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I'm enhancing a client, which is part of a bigger project. Because of the lack of speed i was forced to switch to CNI and therefore i had to generate native code with the GNU-gcj compiler (gnu 4.6.3).

The compiling and linking works fine (thanks to the -findirect-dispatch flag) and i don't have any problems executing the output. But when it comes to the communication between the client and the server, the client immediately disconnects. The reason:

[XStreamClient Reader] WARN - Client disconnected (Exception: Cannot create XmlPullParser)

(This Exeption only appears in the gcj compiled version of the client. When i run the code with the java interpreter - things work well (but too slow^^)) --> The challenging part is that i can't retrieve the source code of where this exception occurs because it is in a pre-compiled (Java class files) library the client uses. (And I cannot contact the author of that library)

I guess the library invokes the XppReader which then tries to create a XmlPullParser class and fails.

I bind in the XStream (vers. 1.4.3) library (and other required *.jars) by unpacking them and compiling the created *.class files and then linking the object files. This seems to work for all other librarys, too. (My OS=Ubuntu)

What i already did to overcome this problem: I googled intensively for XStream/XmlPullParser and gcj and replaced the "xmlpull"- and "kxml2"-files with different versions. But nothing worked. Does anyone of you have a clue of what might be the solution?


I figured out that the reason why the XmlPullParser creation fails is that the META-INF directory with the /services/org.xmlpull.v1.XmlPullParserFactory file can not be found by the XmlPullParserFactory.newInstance function. This is due to the fact that i only compiled and linked the *.jar's *.class files. So as soon as i found i way to link the META-INF directory into the executable in away that the function can find and access it, the problem should be solved. Does anyone of you already know a way to do so?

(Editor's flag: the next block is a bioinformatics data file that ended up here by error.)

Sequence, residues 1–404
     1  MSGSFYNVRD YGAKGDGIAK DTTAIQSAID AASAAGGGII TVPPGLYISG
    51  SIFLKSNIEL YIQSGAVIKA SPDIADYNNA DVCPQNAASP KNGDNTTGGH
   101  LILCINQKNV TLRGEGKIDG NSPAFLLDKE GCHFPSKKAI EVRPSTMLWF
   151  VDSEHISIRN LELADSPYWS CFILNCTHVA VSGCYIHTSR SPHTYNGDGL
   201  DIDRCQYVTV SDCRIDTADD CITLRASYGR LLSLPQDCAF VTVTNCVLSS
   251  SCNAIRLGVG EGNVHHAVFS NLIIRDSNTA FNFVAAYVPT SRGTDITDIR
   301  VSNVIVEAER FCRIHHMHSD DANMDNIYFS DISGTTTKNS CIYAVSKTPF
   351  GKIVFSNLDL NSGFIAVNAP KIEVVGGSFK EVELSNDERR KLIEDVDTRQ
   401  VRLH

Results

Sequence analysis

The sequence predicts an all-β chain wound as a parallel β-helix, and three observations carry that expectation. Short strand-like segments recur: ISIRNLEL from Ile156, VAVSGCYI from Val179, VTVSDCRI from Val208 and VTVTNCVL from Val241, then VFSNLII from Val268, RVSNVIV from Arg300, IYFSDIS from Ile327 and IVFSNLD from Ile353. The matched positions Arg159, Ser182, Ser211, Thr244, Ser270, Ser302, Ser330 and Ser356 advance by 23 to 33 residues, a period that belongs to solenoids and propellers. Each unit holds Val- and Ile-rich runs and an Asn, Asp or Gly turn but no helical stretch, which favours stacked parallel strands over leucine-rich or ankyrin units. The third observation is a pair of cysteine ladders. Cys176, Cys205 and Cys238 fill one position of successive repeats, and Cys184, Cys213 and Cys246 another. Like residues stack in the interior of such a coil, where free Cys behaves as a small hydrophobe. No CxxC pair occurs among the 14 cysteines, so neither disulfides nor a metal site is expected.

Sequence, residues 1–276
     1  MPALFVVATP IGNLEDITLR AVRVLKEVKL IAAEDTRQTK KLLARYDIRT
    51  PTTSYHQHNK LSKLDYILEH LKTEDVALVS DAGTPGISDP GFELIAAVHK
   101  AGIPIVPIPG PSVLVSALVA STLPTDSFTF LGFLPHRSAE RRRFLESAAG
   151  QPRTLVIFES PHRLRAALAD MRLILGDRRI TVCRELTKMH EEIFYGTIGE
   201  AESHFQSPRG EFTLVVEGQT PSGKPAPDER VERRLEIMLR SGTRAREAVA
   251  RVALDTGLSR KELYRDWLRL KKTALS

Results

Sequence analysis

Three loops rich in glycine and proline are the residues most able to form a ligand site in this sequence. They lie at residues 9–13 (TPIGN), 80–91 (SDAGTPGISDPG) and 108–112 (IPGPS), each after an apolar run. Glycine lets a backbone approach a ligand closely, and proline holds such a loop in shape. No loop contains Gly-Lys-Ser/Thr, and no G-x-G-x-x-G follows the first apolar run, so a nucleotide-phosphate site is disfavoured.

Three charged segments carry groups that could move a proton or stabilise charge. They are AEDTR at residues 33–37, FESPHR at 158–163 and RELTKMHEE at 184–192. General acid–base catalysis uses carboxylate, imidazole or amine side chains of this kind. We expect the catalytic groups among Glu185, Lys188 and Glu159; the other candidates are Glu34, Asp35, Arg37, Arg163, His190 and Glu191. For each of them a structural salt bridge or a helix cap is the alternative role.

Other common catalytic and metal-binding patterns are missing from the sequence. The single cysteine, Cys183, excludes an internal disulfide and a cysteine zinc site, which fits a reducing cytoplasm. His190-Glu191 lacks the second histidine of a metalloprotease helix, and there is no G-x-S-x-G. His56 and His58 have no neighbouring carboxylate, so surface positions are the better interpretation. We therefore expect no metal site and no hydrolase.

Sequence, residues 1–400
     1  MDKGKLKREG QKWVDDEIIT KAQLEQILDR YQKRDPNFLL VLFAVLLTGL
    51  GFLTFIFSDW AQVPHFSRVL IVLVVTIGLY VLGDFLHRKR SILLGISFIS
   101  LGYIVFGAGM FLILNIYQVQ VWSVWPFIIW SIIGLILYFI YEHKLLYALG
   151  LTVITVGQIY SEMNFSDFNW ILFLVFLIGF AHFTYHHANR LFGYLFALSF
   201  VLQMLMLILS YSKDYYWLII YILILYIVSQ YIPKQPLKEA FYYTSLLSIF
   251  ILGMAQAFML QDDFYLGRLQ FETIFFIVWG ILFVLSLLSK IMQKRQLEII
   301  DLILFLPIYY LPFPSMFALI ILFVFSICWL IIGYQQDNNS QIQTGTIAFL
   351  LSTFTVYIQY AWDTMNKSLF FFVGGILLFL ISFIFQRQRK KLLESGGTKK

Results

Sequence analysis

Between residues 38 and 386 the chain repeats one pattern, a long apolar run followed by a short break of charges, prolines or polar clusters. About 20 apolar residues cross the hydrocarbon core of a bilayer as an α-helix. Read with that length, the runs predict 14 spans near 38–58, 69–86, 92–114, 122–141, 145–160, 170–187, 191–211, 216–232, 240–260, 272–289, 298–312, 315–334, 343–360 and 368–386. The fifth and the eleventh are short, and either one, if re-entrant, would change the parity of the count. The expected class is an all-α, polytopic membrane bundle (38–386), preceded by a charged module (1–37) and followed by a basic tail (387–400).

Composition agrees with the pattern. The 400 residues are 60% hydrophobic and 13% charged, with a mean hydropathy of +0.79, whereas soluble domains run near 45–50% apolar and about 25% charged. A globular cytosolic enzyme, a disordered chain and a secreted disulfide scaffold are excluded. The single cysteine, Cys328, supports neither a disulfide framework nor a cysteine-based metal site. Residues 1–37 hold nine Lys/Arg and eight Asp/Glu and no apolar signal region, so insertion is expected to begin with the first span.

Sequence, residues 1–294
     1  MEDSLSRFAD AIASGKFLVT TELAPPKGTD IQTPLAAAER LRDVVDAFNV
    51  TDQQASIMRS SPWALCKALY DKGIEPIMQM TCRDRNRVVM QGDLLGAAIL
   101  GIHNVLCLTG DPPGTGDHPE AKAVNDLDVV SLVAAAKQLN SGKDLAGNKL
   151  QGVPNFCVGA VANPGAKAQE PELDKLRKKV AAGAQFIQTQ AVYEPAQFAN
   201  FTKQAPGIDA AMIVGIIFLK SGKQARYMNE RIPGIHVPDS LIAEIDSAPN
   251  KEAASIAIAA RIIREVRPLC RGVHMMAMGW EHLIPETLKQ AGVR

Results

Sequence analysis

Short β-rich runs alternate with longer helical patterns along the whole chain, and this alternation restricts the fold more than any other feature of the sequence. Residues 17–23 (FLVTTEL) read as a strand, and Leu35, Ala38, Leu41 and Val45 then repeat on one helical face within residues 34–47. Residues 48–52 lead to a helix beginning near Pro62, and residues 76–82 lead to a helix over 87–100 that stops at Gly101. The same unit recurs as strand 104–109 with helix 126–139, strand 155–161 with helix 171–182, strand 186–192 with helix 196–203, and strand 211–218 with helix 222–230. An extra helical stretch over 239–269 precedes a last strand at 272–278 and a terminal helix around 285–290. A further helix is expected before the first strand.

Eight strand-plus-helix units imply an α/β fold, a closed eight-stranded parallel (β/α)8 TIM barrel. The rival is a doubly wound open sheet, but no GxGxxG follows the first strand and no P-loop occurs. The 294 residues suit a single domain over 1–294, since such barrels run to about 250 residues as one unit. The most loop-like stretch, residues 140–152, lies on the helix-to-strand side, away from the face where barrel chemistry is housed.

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for me, this error was caused by missing library "xpp3_min-1.1.4c.jar".. (not a compile problem) – teejay May 7 '13 at 19:41

3 Answers 3

I think xmlpull need an implementation which can use xpp3 as its implementation. Please add following code into your pom.xml and if required, add these jar files to the software which requires them.

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up vote 0 down vote accepted

As i already edited into my question, the reason why the creation fails is that the XmlPullParserFactory.newInstance method is not able to access the /META-INF/services/org.xmlpull.v1.XmlPullParserFactory file by using the following line of code:

InputStream is = context.getResourceAsStream (RESOURCE_NAME);

(RESOURCE_NAME equals "/META-INF/services/org.xmlpull.v1.XmlPullParserFactory")